Around the Web

A bit of self-promotion, and some other stuff that’s worth reading:

  • Justice Stevens announced his retirement a couple of weeks ago. I did a post for Cato looking at his high-tech legacy.
  • Last week, Reihan Salam did a nice article for Forbes comparing Stevens’s rulings on copyright and patent law to his 2005 Kelo decision on eminent domain abuse. (and linking to me)
  • On Friday, the Free Software Foundation released a movie by Luca Lucarini about software patents. I’d say it’s the best movie on software patents I’ve ever seen, but in fact it’s the only movie about software patents I’ve ever seen. It’s an incredibly dry subject, and Luca did a great job of making it interesting. He weaves together a compelling case for software patent abolition without putting the audience to sleep. The movie also features virtually all of my favorite scholars in this area. I was honored to be among the experts Luca interviewed, and a few seconds of our interview made it into the final version. So I encourage you to check it out. You’ll need software (like Firefox 3.6) capable of playing Ogg Theora files.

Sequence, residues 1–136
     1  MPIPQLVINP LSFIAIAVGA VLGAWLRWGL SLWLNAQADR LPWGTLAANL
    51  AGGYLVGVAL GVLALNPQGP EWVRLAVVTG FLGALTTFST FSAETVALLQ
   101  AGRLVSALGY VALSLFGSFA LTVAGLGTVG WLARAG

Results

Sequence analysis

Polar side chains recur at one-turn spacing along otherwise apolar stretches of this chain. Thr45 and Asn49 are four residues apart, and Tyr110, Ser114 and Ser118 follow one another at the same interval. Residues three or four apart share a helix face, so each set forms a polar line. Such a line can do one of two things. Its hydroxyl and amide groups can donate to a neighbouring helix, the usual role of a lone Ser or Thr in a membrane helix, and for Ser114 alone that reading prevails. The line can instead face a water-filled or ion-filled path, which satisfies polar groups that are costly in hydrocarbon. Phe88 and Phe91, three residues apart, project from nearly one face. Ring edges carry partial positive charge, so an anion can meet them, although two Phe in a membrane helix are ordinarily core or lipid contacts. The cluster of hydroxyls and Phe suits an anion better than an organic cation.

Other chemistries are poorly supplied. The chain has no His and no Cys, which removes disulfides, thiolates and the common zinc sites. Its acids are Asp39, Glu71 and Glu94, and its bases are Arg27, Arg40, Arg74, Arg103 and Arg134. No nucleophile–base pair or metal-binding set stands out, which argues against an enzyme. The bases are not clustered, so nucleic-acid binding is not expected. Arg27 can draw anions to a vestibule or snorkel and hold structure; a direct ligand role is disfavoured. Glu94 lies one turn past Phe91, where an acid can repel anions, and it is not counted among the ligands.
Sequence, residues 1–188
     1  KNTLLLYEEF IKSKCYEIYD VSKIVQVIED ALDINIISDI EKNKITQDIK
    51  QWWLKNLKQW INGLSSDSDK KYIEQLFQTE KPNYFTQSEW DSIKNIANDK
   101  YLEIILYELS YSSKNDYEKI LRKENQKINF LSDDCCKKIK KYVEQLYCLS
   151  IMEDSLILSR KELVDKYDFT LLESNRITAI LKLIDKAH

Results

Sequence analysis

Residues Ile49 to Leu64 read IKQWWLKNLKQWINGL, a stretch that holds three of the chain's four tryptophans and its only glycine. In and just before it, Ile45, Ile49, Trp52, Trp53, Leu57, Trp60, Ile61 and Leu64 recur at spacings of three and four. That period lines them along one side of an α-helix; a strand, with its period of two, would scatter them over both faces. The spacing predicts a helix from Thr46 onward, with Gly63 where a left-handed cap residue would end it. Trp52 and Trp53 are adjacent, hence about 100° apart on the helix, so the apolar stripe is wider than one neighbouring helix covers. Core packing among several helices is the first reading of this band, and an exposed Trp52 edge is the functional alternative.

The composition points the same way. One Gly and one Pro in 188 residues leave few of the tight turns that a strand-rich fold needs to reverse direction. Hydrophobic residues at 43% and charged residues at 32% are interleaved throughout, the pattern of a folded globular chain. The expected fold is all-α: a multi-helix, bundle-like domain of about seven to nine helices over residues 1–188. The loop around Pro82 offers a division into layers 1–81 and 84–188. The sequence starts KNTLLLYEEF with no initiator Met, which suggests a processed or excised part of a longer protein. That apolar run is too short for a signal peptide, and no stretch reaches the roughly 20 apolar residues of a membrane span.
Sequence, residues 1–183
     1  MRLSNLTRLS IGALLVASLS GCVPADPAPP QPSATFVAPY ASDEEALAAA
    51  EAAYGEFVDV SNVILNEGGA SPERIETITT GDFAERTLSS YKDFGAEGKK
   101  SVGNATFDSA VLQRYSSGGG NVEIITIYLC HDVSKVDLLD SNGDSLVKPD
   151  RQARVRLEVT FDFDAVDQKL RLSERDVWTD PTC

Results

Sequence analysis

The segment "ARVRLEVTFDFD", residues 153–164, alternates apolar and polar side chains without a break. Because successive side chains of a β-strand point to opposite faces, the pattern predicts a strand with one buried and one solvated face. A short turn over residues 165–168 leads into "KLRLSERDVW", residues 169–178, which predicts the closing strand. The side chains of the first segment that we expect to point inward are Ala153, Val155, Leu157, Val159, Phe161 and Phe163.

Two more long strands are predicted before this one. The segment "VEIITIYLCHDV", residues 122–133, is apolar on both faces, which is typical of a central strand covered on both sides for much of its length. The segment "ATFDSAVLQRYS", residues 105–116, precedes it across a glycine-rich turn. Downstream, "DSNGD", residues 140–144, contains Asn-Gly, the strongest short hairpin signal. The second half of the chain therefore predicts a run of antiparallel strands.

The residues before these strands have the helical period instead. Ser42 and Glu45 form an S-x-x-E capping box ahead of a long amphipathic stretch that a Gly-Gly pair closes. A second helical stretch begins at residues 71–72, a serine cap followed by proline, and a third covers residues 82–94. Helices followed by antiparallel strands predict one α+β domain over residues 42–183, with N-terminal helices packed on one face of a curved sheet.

• The David Boaz article I linked to last week sparked a ton of discussion around the blogosphere. I remain puzzled about what Arnold Kling means by a “group status issue” and how it differs from a regular political issue. Bryan Caplan emerged as the most extreme advocate of the state-worshiping school of libertarianism, arguing that women were freer in the 1880s because the era featured lower taxes and fewer regulations. I think Will’s responses to Caplan are spot-on: the right to own property, to pursue the profession of their choice, and to decide when to have sex with their husbands seem to vastly outweigh the benefits of a lower capital gains tax rate.
  • Julian Sanchez argues that the latest warnings about an “intelligence gap” are probably just as bogus this time as they were the last several times.
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